Method for packing a metal or composite automobile part in a packaging system commences with laminating plies of paperboard to form a paperboard laminate having a front and a back, and foldable ends. An automobile part is placed on the front of the paperboard laminate leaving a balance of the front exposed. The balance of the front exposed paperboard laminate and the automobile part product are shrink-wrapped with plastic shrink-wrap material. The laminated foldable ends are folded upwardly to form a carton bottom having an open top and the shrink-wrapped automobile part disposed therein. A lid then is placed over the cavity.
For present purposes “paperboard” is corrugated paper, an oft-used product in the shipping container and carton industry.
For a fuller understanding of the nature and advantages of the present invention, reference should be had to the following detailed description taken in connection with the accompanying drawings, in which:
The drawings will be described in more detail below.
Laminate structures provide greater strength than solid structures of the same thickness. In the present invention, such greater strength is but one consideration in opting for use of a laminate structure. Of similar importance is the prevention of the object being shipped from moving, shifting, or otherwise changing position during loading, shipping, and storage of the object. Smaller objects, even delicate and breakable objects, are easier to pack for shipment because of their small size. When the object is large and heavy, such as an automobile structural part, proper packing for its safe shipment is anything but routine. Even “unbreakable” structural automobile parts, such as hoods, fenders, and doors, can become scratched, dented, and abraded to the point that rework of the part is needed. When the structural automobile parts are breakable and non-planar, such as automobile windshield glass, the packing problems become even more compounded. Now, the packer must be attentive to scratching, abrading, breaking, and stress, of a part that can weigh upwards to several hundred pounds. A daunting task for the part manufacturer and shipper indeed.
Referring initially to
While paperboard laminate assembly 12 could be made from a single piece of corrugate sheet of equivalent thickness, the preferred laminate structure is stronger. Also, the laminate construction permits plies of paperboard sheet to be removed for forming the cavity adapted to receive window glass 14. In this regard, paperboard laminate assembly 12 could be manufactured from plies already containing die cuts and then laminated, or the solid laminate plies can be joined (e.g., by an adhesive, such as a hot melt adhesive) and then the plies die cut form forming the cavity. Either technique is suitable for present purposes.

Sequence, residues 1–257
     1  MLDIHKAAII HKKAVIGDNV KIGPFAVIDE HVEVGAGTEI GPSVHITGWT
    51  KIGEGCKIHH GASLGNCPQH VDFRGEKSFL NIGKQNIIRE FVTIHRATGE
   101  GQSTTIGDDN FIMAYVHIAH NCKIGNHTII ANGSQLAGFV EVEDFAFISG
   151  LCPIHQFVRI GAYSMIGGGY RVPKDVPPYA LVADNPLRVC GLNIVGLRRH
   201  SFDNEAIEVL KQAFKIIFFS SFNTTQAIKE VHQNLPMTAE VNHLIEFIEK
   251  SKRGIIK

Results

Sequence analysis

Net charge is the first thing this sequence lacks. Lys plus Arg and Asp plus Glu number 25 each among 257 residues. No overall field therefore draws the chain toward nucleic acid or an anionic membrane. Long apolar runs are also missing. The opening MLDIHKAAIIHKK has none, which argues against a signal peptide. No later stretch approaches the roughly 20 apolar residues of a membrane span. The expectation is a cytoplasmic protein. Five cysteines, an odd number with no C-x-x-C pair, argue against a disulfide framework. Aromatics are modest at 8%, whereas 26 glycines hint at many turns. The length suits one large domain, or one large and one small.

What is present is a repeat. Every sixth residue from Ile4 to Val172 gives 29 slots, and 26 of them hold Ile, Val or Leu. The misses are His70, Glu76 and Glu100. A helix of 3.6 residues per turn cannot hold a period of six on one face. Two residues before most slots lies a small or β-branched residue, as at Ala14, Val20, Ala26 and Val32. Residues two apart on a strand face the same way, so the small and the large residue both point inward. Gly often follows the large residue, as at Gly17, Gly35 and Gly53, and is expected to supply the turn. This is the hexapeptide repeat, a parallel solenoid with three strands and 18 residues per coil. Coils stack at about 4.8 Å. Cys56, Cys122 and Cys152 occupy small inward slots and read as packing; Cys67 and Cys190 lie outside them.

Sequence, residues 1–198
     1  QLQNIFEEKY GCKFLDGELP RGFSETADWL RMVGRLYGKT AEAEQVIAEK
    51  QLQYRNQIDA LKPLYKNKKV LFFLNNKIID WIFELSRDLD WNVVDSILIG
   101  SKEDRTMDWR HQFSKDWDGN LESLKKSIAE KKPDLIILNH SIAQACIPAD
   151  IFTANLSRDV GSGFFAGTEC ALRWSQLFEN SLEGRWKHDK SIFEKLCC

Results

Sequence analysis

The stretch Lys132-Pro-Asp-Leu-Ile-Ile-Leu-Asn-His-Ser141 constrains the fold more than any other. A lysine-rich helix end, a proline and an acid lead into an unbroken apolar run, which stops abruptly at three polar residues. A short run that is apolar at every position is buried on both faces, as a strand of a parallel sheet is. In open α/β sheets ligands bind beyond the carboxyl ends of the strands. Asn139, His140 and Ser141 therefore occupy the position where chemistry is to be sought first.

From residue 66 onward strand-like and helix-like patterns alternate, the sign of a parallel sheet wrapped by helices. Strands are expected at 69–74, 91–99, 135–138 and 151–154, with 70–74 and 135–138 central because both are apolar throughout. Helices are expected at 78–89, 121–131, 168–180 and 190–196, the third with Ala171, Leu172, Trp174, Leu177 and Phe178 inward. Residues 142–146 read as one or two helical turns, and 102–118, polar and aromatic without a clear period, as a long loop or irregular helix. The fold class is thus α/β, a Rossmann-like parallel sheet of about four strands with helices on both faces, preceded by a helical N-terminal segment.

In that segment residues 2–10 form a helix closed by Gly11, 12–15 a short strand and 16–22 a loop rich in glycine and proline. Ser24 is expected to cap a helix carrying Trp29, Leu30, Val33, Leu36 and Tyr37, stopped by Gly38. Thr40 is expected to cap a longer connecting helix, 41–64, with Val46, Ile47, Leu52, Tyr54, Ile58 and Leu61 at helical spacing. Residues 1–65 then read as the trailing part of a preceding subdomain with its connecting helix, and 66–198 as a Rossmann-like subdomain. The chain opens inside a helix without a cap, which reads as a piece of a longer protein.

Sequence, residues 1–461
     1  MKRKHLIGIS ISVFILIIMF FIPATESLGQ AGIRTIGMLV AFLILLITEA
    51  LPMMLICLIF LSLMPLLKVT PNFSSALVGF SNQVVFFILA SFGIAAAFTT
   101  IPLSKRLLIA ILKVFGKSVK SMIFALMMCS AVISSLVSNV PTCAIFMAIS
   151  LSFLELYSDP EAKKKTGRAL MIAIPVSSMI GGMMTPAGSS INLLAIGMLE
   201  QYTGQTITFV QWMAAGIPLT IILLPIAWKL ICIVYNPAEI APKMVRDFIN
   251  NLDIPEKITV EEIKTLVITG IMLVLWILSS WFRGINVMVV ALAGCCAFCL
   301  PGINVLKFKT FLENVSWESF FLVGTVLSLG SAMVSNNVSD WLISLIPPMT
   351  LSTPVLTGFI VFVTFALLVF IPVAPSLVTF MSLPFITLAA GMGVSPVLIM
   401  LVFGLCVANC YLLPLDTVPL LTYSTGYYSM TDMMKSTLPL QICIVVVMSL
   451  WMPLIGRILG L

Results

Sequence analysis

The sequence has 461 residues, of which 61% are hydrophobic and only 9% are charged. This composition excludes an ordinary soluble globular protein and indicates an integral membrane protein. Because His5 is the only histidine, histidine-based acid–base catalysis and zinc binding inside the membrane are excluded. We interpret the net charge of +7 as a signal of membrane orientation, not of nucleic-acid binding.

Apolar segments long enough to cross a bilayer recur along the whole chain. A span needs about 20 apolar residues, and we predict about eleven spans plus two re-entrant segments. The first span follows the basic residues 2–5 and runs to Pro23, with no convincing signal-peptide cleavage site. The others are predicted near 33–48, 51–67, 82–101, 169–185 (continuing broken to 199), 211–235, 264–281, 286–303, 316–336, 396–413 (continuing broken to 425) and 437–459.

Bi-fold laminate ends 16 and 18 and folded upwardly so as to pinch or crimp the ends of window glass 14, such as is seen in
In the first step of the operation as shown in
Next, the assembly of
When the automobile part is a metal and/or composite part (hood, fender, door panel), the extra precaution of the cavity in the paperboard laminate need not be taken. Rather than breaking, such metal and/or composite parts need protection from scrapes, abrasions, scratches, dents, and the like. Such protection is afforded by the same shrink-wrapping technique sans the cavity.
Referring initially to
The formation of the unique packaging system of
The assembly shown in
Shrink-wrap material preferably is heat-shrinkable plastic film (e.g., polyolefins, such as, polyethylene, polypropylene, polyesters, PVC, polyvinylidene chloride, polystyrene) that shrinks upon heating to place an object under tension. Alternatively, it may be stretch wrap film that has long-term elastic memory with great stretch (e.g., up to 300%, and desirably, about 100% to 250%, such as a cast extruded multi-layered stretched polyethylene film) so that it can place sufficient tension on the automobile glass product or other part to secure it for safe shipment.
While the invention has been described with reference to a preferred embodiment, those skilled in the art will understand that various changes may be made and equivalents may be substituted for elements thereof without departing from the scope of the invention. In addition, many modifications may be made to adapt a particular situation or material to the teachings of the invention without departing from the essential scope thereof. Therefore, it is intended that the invention not be limited to the particular embodiment disclosed as the best mode contemplated for carrying out this invention, but that the invention will include all embodiments falling within the scope of the appended claims. In this application all units are in the metric system and all amounts and percentages are by weight, unless otherwise expressly indicated. Also, all citations referred herein are expressly incorporated herein by reference.